I’ll admit there’s still a long way to go, but I’m determined because I’m convinced it will make me a happier, calmer person and a better mum.

The world we live in is so full of distraction and so very very busy. We’re all guilty, to a greater or lesser extent of spending too much time on social media, trying to do too much all at once and wasting time on things that aren’t important.

It’s about doing one thing at a time and giving that task all my focus. There’s a Japanese word for this: “ichigyo-zammai”, which means giving your full concentration to a single act.

We’re all guilty of spending too much time on social media and wasting time on things that aren’t important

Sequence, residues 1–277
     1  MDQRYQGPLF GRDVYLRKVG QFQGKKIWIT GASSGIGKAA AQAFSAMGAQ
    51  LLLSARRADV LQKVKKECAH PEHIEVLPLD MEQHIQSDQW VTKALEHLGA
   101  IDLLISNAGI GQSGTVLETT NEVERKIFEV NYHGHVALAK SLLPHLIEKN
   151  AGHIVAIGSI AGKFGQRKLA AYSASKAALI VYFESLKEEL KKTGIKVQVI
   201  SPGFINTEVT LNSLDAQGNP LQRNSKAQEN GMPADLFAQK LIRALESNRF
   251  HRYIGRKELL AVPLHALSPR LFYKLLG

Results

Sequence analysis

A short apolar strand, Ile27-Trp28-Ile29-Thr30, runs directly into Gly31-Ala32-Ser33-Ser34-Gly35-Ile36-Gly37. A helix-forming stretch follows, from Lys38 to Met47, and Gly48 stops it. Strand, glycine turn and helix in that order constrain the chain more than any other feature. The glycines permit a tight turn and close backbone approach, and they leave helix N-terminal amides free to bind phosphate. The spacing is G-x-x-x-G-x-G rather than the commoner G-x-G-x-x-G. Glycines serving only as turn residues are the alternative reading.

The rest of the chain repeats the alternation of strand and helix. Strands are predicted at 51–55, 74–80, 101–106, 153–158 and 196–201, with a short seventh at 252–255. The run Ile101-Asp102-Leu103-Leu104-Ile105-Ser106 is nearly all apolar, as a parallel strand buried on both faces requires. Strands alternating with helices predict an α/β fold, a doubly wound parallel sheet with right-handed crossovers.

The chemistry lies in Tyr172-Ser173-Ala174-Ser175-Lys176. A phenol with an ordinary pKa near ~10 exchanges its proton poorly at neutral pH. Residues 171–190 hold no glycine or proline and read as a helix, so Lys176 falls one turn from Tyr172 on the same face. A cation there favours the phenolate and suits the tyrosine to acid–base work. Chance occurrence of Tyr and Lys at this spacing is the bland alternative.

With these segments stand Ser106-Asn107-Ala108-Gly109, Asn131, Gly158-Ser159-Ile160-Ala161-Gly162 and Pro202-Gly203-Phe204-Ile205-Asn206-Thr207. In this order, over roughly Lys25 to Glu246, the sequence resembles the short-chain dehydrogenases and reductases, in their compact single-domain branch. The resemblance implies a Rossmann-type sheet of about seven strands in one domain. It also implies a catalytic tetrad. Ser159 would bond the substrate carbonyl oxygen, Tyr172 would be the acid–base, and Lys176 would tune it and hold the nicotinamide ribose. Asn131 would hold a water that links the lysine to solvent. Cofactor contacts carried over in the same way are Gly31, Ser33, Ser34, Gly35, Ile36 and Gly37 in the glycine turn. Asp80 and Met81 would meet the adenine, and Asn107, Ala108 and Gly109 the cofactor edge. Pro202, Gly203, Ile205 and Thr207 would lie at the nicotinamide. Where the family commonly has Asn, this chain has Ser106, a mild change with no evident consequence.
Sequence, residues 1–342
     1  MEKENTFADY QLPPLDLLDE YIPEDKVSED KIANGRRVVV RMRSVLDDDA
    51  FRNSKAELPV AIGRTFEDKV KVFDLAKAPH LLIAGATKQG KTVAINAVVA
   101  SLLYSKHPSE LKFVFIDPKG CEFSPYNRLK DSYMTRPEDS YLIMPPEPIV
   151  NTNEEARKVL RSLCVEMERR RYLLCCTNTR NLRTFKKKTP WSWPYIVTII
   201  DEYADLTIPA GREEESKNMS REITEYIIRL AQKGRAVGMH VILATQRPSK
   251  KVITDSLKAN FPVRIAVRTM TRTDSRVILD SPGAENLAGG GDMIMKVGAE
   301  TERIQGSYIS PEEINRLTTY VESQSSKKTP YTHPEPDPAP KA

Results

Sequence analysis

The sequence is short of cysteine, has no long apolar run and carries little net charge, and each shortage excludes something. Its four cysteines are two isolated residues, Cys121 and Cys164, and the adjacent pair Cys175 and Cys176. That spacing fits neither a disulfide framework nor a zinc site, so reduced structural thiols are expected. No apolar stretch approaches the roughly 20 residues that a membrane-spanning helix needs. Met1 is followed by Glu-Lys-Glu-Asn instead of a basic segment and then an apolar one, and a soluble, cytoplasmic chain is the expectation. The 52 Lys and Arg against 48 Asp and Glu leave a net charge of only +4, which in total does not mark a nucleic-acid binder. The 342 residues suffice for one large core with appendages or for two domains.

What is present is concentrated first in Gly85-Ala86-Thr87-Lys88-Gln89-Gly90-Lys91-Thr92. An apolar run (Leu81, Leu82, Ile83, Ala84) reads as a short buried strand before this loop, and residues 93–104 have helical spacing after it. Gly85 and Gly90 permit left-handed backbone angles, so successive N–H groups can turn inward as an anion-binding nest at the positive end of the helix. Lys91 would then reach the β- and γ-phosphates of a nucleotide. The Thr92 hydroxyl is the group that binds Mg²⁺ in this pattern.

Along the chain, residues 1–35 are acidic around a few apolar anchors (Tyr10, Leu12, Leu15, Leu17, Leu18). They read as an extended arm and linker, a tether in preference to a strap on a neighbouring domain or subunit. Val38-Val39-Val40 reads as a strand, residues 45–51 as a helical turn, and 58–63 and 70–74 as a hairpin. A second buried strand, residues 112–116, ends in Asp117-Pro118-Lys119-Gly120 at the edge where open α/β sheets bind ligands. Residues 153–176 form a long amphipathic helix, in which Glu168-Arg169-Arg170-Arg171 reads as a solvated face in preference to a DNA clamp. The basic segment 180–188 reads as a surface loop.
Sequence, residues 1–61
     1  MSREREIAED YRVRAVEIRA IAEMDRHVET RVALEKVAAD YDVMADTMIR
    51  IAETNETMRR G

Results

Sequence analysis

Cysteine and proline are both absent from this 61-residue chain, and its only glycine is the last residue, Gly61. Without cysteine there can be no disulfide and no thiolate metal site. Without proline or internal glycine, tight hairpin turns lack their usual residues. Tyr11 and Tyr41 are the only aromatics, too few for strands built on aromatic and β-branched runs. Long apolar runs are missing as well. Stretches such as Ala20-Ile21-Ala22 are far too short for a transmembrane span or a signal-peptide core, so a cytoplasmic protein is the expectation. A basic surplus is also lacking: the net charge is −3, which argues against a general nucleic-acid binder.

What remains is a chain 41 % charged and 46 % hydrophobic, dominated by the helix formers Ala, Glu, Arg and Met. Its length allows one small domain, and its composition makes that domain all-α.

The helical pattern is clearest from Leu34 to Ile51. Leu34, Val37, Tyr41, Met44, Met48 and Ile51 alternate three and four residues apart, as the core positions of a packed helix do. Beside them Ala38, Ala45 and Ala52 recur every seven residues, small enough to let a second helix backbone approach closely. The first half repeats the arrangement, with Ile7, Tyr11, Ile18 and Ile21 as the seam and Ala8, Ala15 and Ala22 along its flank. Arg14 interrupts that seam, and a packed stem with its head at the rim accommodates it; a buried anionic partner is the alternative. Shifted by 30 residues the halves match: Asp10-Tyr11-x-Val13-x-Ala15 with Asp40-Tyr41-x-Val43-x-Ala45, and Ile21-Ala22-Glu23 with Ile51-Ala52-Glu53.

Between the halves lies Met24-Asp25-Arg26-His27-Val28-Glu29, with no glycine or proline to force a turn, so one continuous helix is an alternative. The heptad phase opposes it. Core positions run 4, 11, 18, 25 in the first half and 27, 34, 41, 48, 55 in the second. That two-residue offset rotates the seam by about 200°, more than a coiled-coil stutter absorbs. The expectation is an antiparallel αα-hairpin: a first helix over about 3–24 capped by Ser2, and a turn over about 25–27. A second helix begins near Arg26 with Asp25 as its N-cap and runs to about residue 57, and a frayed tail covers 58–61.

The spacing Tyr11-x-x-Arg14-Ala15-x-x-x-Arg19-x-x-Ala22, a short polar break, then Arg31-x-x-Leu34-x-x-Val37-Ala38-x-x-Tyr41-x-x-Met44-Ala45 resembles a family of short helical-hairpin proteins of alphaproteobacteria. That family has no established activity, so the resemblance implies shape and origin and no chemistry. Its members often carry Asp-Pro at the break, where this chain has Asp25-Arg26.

I read an article a few years ago now – which I now can’t find – on this practice and its relevance in a hyperconnected, modern world. The author was visiting Japan and had noticed that even at supermarket checkouts there was a certain ceremony, both hands were used to exchange credit cards with little bows of respect.

Japanese shoppers are not yelling into their phones while dragging small children off each other, chucking items into bulging carrier bags and flinging plastic across the checkout. Well some of them probably are. But certainly I know which image I find more calming.

In his book the Beginner’s Mind, Sunryu Suzuki describes the practice as being fully in the moment.

“We just concentrate on the activity which we do in each moment,” he wrote. “When you bow, you should just bow; when you sit, you should just sit; when you eat, you should just eat.”

So what does this have to do with a snowday I hear you ask? I guess it’s the ability to be adaptable when there is a sudden change of plans that throws off work and home schedules, but also that (still for me) elusive ability to drop everything else for a little while.